Royal Bank of Scotland confirmed Tuesday that the state now owns 70.3 percent of the struggling group after investors snubbed a sale of new shares that was backed by the government.
RBS, ravaged by the credit crunch and the 2007 takeover of Dutch group ABN Amro at the top of the market, said in a statement that investors bought just 0.7 percent of new shares -- which left the government to pick up the tab.
"HM Treasury will own approximately 70.3 percent of the enlarged issued ordinary share capital of RBS," the bank said in a brief statement.
The state acquired a 57.9 percent stake earlier this year after RBS took 20 billion pounds (21.6 billion euros, 28.7 billion dollars) of government funds.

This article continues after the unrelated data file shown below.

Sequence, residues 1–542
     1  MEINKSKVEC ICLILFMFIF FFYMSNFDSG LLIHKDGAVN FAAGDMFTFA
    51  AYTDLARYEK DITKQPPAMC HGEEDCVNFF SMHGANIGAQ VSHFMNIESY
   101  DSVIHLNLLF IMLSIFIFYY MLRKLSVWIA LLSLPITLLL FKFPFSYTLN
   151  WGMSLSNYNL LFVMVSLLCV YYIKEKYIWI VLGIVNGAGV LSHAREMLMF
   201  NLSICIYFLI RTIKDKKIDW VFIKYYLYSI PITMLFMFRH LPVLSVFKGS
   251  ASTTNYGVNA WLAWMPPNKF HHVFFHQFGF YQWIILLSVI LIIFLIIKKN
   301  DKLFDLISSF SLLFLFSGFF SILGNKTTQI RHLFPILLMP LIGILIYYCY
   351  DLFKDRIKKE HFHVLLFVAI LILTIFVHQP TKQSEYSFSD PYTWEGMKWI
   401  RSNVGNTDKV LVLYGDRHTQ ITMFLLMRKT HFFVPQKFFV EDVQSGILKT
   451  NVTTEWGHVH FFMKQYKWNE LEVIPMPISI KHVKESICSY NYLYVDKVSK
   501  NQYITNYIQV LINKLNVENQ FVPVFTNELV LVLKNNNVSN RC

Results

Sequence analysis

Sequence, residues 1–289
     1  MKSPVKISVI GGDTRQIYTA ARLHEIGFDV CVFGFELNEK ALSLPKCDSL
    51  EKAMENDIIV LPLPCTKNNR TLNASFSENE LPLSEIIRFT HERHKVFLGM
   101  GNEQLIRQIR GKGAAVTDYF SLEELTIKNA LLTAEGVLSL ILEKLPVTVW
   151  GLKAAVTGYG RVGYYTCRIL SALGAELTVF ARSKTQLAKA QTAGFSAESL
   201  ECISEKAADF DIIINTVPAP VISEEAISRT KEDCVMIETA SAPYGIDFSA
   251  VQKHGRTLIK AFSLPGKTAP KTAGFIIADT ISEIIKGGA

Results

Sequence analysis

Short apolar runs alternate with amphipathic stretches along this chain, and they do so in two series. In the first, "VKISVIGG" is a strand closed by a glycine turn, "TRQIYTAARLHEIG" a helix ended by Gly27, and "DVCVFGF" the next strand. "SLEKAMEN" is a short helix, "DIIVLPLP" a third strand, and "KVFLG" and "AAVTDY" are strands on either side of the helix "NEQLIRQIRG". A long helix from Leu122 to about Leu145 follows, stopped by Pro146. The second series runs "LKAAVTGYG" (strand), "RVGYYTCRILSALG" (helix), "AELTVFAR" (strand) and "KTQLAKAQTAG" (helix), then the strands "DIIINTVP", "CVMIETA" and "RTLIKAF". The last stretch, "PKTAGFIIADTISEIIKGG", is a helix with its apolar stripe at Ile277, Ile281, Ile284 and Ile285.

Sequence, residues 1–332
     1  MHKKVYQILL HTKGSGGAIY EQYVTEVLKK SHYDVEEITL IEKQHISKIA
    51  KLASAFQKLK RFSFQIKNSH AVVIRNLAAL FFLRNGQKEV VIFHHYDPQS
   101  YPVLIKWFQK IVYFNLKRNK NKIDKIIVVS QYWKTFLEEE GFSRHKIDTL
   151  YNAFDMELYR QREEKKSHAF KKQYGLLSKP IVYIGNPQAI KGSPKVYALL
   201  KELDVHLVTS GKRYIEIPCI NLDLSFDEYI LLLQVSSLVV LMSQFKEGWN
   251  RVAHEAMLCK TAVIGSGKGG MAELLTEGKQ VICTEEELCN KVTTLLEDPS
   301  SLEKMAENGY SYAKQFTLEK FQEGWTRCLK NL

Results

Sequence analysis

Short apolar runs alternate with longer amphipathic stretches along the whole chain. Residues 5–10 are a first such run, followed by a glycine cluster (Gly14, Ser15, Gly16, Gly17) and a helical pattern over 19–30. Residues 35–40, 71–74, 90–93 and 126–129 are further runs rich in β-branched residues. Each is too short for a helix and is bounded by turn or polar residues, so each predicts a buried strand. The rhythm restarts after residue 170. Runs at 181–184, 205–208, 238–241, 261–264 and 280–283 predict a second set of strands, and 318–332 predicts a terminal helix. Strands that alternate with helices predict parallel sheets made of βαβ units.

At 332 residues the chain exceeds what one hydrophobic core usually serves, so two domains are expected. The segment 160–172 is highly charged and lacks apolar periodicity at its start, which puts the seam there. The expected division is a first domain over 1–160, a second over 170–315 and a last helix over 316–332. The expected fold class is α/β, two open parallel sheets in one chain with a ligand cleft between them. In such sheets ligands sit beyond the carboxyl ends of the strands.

In January, the government agreed to convert its preference shares in RBS -- obtained during last year's bailout -- which were worth five billion pounds of normal shares.
But existing shareholders were also given the right to buy the shares which were priced at 31.75 pence per share. The placing was launched on March 16 and closed on Monday.
In addition, the government's stake could climb even higher after RBS agreed earlier this year to ring-fence 325 billion pounds of assets into the British government's insurance scheme for toxic assets.